What was their motivation? To drop what they were doing: weekend plans, a shopping trip, the football game-to confess their sins in public? Think of the restlessness and agitation carried by them for 400 years. There’s a saying: “The fathers have eaten sour grapes and the children’s teeth are set on edge.” Sin has a weight to it—when carried long enough becomes burdensome and becomes heavier over time. Sin that we do not release carries on through us, affecting others and is passed on from generation to generation. Perhaps they were sick and tired of being sick and tired.
John had something they wanted: relief from their burdens in exchange for God and his gifts of Liberty, peace and joy. Confessing sins openly released them, opening a place for God within them to dwell. Repentance is the way of release and recovery of our birth right in God.
Does John offer something we want?
What is John asking the people to turn away from? Sin, anger, judging others, self-condemnation, resentment, false teachings, misplaced priorities, false gods…. Changing one’s heart and mind for the Hebrew is to change one’s action—which requires the conversion that repentance initiates.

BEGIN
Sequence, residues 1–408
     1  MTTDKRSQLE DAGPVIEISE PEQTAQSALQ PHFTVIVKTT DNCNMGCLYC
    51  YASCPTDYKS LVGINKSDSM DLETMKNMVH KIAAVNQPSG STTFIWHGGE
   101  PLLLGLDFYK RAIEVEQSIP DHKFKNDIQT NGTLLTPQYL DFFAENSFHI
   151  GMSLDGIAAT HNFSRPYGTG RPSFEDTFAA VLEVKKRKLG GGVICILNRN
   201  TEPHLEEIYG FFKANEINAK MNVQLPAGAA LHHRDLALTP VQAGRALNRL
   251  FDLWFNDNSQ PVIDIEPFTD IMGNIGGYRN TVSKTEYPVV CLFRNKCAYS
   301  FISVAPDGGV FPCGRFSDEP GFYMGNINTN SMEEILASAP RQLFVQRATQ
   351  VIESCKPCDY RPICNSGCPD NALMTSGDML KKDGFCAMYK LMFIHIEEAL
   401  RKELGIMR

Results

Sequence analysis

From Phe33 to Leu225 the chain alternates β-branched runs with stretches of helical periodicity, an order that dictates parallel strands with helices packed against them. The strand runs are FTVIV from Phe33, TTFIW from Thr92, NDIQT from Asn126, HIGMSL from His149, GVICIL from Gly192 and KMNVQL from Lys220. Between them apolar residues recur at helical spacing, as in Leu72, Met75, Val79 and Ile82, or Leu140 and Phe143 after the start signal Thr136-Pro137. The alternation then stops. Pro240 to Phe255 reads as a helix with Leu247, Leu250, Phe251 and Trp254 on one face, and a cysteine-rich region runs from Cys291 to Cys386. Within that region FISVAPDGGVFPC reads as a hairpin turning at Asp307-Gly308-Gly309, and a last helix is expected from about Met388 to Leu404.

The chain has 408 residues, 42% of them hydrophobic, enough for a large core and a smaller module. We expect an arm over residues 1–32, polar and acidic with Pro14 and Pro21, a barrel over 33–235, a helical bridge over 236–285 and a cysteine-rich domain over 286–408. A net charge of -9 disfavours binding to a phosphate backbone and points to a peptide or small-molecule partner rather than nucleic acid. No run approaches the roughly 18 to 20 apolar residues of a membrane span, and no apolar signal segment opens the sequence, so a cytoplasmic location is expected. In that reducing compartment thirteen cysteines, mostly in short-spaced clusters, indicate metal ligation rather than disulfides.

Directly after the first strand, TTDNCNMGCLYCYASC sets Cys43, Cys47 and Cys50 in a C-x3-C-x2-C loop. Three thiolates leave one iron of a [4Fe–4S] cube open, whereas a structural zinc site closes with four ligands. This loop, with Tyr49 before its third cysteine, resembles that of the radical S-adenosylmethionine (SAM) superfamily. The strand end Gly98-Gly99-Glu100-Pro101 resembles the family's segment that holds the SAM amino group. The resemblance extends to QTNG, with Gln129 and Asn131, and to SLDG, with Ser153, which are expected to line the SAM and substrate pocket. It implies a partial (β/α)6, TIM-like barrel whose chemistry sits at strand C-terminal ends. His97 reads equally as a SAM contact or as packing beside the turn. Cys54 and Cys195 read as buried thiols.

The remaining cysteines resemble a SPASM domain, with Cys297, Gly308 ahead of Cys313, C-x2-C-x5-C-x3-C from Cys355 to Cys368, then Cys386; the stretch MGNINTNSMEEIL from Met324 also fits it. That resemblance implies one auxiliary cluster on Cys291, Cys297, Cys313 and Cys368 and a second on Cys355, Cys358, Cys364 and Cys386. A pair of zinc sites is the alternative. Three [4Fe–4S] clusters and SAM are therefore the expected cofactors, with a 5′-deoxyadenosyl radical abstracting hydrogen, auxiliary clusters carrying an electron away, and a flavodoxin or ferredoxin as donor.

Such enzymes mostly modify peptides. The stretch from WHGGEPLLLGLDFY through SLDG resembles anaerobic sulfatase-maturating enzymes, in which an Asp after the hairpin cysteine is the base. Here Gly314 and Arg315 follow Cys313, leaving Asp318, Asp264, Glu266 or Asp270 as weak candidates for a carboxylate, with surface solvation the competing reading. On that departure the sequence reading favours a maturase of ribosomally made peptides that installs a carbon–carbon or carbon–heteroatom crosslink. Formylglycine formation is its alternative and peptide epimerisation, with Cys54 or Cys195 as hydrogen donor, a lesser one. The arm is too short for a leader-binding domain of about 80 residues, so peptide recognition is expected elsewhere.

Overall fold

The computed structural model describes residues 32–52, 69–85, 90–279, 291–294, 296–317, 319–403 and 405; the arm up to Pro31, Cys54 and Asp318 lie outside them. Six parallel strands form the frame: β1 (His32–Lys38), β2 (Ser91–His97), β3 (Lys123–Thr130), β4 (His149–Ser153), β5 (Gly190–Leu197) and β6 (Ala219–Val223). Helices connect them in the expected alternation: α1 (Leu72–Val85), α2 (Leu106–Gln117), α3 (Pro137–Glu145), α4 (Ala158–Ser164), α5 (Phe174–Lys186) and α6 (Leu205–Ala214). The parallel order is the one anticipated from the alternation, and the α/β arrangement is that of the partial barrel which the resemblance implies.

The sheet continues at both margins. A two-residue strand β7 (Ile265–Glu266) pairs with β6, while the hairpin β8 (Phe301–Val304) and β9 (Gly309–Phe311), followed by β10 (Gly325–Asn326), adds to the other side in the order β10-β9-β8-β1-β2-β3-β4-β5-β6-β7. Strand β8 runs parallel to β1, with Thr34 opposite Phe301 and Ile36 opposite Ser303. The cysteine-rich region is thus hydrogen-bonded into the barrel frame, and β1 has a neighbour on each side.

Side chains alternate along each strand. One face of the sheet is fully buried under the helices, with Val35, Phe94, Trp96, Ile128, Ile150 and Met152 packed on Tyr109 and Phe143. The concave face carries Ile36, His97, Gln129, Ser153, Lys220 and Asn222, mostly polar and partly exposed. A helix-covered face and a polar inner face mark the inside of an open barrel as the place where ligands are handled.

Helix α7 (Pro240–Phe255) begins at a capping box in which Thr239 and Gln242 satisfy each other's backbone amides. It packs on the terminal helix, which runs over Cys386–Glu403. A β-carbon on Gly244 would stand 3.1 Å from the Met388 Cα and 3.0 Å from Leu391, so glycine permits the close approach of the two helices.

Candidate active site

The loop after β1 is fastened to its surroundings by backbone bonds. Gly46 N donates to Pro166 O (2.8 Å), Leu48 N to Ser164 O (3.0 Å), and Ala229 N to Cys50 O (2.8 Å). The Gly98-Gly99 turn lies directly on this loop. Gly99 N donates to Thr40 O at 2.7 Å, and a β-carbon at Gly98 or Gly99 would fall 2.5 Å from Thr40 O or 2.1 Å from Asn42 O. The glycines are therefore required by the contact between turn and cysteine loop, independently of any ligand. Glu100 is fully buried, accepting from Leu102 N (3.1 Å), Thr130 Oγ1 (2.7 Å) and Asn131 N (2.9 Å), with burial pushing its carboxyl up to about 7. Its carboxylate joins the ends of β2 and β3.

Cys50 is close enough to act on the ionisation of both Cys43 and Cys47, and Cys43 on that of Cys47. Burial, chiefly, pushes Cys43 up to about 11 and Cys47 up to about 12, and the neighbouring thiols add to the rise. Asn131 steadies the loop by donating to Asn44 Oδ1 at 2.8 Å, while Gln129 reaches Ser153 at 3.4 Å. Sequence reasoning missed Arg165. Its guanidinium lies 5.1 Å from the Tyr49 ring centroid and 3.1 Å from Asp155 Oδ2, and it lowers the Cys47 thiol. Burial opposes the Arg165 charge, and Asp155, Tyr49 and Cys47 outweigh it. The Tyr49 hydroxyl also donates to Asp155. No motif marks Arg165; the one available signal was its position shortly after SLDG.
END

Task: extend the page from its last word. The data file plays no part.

John’s message was revolutionary—in how we seek repentance. Previous to John, for two thousand years, the only way sins were remitted was through the shedding of blood—from animal sacrifices. Now, John was baptizing with water, which required an inward repentance to reunion with God. Baptism was a sign of this reunion with God.
Forgiveness manifests itself through the Spirit working good works in us. Repentance empties the heart so God can fill it. John was baptizing with water, which required an inward repentance to reunion with God.
The animal is no longer a way of accomplishing spiritual reunion. The human heart is involved.
Those who sought John, were hungry to release the death they carried within themselves.
From what do we want God to deliver us?
What is the suffering that our minds are cluttered with and our hearts are burdened with that we seek to release?
The time is now.